A remarkable feature of the concept of political leadership is its apparently infinite elasticity: it stretches over presidents and prime ministers, dictators and popes, revolutionaries and reformers. Take the concept beyond politics, and its reach effortlessly expands to include business executives, platoon commanders, primary school principals, the captain of the cricket team, and many more. But is it useful, or even accurate, to describe all these figures as ‘leaders’ given they, and the entities they lead, have almost nothing in common? Are they really comparable as leaders?
'The Myth of the Strong Leader' by Archie Brown
THE MYTH OF THE STRONG LEADER: POLITICAL LEADERSHIP IN THE MODERN AGE
by Archie Brown
Bodley Head, $59.99 hb, 470 pp, 9781847921758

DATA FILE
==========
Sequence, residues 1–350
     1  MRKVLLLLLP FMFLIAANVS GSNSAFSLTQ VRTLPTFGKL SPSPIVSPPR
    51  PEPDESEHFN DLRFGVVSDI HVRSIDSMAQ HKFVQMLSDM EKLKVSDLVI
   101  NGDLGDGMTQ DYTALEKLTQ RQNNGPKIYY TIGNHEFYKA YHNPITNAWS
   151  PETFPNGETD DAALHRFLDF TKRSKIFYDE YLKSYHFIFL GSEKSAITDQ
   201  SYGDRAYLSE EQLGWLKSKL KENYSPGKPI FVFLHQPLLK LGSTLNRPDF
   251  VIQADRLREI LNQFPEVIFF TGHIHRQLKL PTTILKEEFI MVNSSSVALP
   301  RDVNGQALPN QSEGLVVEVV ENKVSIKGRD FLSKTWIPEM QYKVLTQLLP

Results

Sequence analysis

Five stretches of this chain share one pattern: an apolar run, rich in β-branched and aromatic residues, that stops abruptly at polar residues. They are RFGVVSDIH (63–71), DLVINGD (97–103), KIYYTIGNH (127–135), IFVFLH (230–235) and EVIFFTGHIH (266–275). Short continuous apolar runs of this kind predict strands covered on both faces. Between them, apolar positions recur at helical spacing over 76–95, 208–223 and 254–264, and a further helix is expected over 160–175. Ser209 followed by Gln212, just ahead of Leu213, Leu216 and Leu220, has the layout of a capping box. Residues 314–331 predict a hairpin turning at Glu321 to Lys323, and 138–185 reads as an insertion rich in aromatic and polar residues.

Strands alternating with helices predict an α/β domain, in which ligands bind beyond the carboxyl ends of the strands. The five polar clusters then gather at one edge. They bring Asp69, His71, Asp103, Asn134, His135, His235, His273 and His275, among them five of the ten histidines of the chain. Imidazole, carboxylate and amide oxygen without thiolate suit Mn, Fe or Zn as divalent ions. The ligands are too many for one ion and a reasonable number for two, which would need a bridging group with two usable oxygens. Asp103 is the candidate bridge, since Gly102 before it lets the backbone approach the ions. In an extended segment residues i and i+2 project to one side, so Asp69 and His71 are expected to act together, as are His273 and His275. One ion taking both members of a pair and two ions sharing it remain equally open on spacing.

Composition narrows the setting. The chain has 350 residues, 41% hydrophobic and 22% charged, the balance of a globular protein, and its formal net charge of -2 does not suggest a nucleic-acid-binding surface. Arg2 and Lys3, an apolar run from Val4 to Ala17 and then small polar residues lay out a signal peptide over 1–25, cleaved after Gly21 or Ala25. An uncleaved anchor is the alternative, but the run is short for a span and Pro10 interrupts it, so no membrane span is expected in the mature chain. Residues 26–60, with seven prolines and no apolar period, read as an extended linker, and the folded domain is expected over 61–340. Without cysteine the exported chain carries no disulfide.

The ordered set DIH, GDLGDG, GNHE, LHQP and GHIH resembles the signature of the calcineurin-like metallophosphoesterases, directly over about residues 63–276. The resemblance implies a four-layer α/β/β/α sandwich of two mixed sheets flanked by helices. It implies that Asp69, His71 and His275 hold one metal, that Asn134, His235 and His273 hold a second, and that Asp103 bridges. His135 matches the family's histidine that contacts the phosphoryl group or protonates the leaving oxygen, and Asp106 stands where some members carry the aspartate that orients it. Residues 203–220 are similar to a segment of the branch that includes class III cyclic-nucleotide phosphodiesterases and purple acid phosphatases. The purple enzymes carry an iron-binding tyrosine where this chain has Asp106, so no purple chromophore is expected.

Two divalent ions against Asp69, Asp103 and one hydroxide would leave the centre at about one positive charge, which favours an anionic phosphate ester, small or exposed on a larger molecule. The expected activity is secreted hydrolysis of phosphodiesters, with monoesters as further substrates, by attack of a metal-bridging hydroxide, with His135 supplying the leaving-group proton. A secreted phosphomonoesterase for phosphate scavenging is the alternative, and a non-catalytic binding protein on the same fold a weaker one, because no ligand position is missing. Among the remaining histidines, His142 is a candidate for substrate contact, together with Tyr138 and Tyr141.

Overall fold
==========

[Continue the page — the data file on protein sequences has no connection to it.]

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Stephen Mills is honorary senior lecturer at the School of Social and Political Sciences at the University of Sydney. He has written widely on Australian politics and election campaigns, including The Professionals: Strategy, Money and the Rise of the Political Campaigner in Australia (2014). He served in the office of Prime Minister Bob Hawke as speechwriter (1986–91).
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